Monounsaturated fat

Monounsaturated fats are fatty acids that have one double bond in the fatty acid chain with all of the remainder carbon atoms being single-bonded. By contrast, polyunsaturated fats have more than one double bond.

Molecular description

Fatty acids are long-chained molecules having an alkyl group at one end and a carboxylic acid group at the other end. Fatty acid viscosity (thickness) and melting temperature increases with decreasing number of double bonds; therefore, monounsaturated fatty acids have a higher melting point than polyunsaturated fatty acids (more double bonds) and a lower melting point than saturated fatty acids (no double bonds). Monounsaturated fatty acids are liquids at room temperature and semisolid or solid when refrigerated resulting in an isotopic lattice structure.

Common monounsaturated fatty acids are palmitoleic acid (16:1 n7), cis-vaccenic acid (18:1 n7) and oleic acid (18:1 n9). Palmitoleic acid has 16 carbon atoms with the first double bond occurring 7 carbon atoms away from the methyl group (and 9 carbons from the carboxyl end). It can be lengthened to the 18-carbon cis-vaccenic acid. Oleic acid has 18 carbon atoms with the first double bond occurring 9 carbon atoms away from the carboxylic acid group. The illustrations below show a molecule of oleic acid in Lewis formula and as a space-filling model.

List of monounsaturated fats

Common name Lipid name Chemical name
Myristoleic acid 14:1 (n-5) cis-Tetradec-9-enoic acid
Palmitoleic acid 16:1 (n-7) cis-Hexadec-9-enoic acid
cis-Vaccenic acid 18:1 (n-7) cis-Octadec-11-enoic acid
Vaccenic acid 18:1 (n-7) trans-Octadec-11-enoic acid
Paullinic acid 20:1 (n-7) cis-13-Eicosenoic acid
Oleic acid 18:1 (n-9) cis-Octadec-9-enoic acid
Elaidic acid (trans-oleic acid) 18:1 (n-9) trans-Octadec-9-enoic acid
11-Eicosenoic acid (gondoic acid) 20:1 (n-9) cis-Eicos-11-enoic acid
Erucic acid 22:1 (n-9) cis-Tetracos-15-enoic acid
Brassidic acid 22:1 (n-9) trans-Tetracos-15-enoic acid
Nervonic acid 24:1 (n-9) cis-Tetracos-15-enoic acid
Sapienic acid 16:1 (n-10) cis-6-Hexadecenoic acid
Gadoleic acid 20:1 (n-11) cis-9-Icosenoic acid
Petroselinic acid 18:1 (n-12) cis-Octadec-6-enoic acid


The large scale KANWU study found that increasing monounsaturated fat and decreasing saturated fat intake could improve insulin sensitivity, but only when the overall fat intake of the diet was low.[1] However, some monounsaturated fatty acids (in the same way as saturated fats) may promote insulin resistance, whereas polyunsaturated fatty acids may be protective against insulin resistance.[2][3] Studies have shown that substituting dietary monounsaturated fat for saturated fat is associated with increased daily physical activity and resting energy expenditure. More physical activity was associated with a higher-oleic acid diet than one of a palmitic acid diet. From the study, it is shown that more monounsaturated fats lead to less anger and irritability.[4]

Foods containing monounsaturated fats reduce low-density lipoprotein (LDL) cholesterol,[5] while possibly increasing high-density lipoprotein (HDL) cholesterol.[6]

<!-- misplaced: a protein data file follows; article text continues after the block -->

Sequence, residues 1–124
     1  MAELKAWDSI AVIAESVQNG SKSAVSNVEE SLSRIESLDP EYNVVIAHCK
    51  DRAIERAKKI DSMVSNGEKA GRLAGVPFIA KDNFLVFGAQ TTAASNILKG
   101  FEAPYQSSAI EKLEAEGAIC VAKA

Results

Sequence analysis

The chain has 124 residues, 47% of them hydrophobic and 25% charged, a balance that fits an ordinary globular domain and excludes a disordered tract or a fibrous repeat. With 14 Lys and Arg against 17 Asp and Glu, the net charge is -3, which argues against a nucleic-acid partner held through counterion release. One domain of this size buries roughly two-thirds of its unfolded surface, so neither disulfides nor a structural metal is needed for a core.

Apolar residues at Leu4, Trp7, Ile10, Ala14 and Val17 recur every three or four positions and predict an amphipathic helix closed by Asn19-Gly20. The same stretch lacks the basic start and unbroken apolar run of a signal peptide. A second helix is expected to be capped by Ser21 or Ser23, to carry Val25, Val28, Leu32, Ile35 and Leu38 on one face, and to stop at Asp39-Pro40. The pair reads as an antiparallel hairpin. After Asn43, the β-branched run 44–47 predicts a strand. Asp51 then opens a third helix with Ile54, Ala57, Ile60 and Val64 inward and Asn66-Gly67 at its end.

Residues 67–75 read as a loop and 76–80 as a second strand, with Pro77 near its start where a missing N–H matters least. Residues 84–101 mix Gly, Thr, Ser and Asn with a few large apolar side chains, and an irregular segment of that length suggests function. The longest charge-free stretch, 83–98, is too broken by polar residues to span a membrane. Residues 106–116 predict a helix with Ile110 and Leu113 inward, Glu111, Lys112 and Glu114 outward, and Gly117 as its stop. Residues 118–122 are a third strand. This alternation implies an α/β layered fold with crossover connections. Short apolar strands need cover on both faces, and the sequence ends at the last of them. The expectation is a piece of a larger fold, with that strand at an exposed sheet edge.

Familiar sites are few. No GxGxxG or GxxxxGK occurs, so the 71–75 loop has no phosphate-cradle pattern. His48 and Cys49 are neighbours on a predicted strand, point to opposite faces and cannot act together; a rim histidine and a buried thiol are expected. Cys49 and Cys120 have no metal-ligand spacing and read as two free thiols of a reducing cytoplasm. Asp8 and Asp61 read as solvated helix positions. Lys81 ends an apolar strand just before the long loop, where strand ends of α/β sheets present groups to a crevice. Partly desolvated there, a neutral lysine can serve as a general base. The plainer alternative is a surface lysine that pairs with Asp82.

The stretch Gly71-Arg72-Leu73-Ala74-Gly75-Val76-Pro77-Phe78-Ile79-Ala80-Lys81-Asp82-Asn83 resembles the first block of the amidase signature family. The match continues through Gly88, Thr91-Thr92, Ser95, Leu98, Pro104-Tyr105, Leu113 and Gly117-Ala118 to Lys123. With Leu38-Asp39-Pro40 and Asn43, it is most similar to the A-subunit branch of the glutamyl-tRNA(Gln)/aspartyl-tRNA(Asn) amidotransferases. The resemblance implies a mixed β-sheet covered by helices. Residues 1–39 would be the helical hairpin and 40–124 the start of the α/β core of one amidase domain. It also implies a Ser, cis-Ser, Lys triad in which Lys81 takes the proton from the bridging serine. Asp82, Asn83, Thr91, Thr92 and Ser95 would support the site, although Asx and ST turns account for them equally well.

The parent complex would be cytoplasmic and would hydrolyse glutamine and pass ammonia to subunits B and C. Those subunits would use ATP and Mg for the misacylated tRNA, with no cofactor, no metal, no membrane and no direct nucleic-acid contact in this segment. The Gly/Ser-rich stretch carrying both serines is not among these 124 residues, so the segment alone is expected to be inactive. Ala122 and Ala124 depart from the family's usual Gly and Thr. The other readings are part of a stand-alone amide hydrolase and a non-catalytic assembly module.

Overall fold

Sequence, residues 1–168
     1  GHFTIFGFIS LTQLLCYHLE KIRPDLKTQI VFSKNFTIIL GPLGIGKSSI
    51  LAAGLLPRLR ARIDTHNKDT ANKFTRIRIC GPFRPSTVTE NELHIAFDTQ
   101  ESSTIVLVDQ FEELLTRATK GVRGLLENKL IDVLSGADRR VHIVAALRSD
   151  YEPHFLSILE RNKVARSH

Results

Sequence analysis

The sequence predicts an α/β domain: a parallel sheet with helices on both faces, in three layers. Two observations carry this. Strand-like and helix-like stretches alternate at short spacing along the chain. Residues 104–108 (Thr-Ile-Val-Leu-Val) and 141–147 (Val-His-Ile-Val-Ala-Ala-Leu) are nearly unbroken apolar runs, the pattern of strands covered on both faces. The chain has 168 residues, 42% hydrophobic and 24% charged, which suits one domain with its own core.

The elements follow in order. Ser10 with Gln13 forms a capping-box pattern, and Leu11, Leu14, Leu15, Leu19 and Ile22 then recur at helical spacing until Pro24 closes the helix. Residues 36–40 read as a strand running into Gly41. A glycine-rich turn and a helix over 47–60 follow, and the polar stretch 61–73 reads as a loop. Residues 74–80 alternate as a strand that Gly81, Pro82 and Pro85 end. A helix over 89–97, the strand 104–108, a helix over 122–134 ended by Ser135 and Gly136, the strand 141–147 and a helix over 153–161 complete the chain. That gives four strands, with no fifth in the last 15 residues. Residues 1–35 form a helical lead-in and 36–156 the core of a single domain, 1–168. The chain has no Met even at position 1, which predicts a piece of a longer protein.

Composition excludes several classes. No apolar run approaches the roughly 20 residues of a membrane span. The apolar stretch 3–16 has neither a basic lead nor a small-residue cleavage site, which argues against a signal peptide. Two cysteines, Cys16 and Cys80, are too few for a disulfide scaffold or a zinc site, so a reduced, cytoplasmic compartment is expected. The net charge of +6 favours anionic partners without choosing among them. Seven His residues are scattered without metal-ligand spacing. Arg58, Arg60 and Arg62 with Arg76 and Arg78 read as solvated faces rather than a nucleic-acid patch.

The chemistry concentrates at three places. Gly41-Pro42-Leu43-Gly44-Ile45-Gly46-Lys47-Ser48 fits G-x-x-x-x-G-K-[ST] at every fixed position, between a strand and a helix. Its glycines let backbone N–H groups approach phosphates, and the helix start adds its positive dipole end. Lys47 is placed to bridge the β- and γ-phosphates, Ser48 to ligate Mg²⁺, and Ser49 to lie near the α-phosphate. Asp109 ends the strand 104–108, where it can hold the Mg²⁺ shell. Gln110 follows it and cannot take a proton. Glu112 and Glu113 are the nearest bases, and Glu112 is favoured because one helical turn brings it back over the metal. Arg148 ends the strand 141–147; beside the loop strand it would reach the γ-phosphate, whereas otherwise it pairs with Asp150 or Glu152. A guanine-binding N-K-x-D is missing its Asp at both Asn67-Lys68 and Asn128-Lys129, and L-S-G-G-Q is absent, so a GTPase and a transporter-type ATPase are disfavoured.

Levels of oleic acid along with other monounsaturated fatty acids in red blood cell membranes were positively associated with breast cancer risk. The saturation index (SI) of the same membranes was inversely associated with breast cancer risk. Monounsaturated fats and low SI in erythrocyte membranes are predictors of postmenopausal breast cancer. Both of these variables depend on the activity of the enzyme delta-9 desaturase (Δ9-d).[7]

In children, consumption of monounsaturated oils is associated with healthier serum lipid profiles.[8]

The Mediterranean diet is one heavily influenced by monounsaturated fats. People in Mediterranean countries consume more total fat than Northern European countries, but most of the fat is in the form of monounsaturated fatty acids from olive oil and omega-3 fatty acids from fish, vegetables, and certain meats like lamb, while consumption of saturated fat is minimal in comparison. A 2017 review found evidence that the practice of a Mediterranean diet could lead to a decreased risk of cardiovascular diseases, overall cancer incidence, neurodegenerative diseases, diabetes, and early death.[9] A 2018 review showed that the practice of the Mediterranean diet may improve overall health status, such as reduced risk of non-communicable diseases. It also may reduce the social and economic costs of diet-related illnesses.[10]


Monounsaturated fats are found in animal flesh such as red meat, whole milk products, nuts, and high fat fruits such as olives and avocados. Algal oil is about 92% monounsaturated fat.[11] Olive oil is about 75% monounsaturated fat.[12] The high oleic variety sunflower oil contains at least 70% monounsaturated fat.[13] Canola oil and cashews are both about 58% monounsaturated fat. Tallow (beef fat) is about 50% monounsaturated fat.[14] and lard is about 40% monounsaturated fat. Other sources include hazelnut, avocado oil, macadamia nut oil, grapeseed oil, groundnut oil (peanut oil), sesame oil, corn oil, popcorn, whole grain wheat, cereal, oatmeal, almond oil, sunflower oil, hemp oil, and tea-oil Camellia.[15]

See also


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  13. Huth PJ, Fulgoni VL, Larson BT (November 2015). "A systematic review of high-oleic vegetable oil substitutions for other fats and oils on cardiovascular disease risk factors: implications for novel high-oleic soybean oils". Advances in Nutrition. 6 (6): 674–93. doi:10.3945/an.115.008979. PMC 4642420. PMID 26567193.
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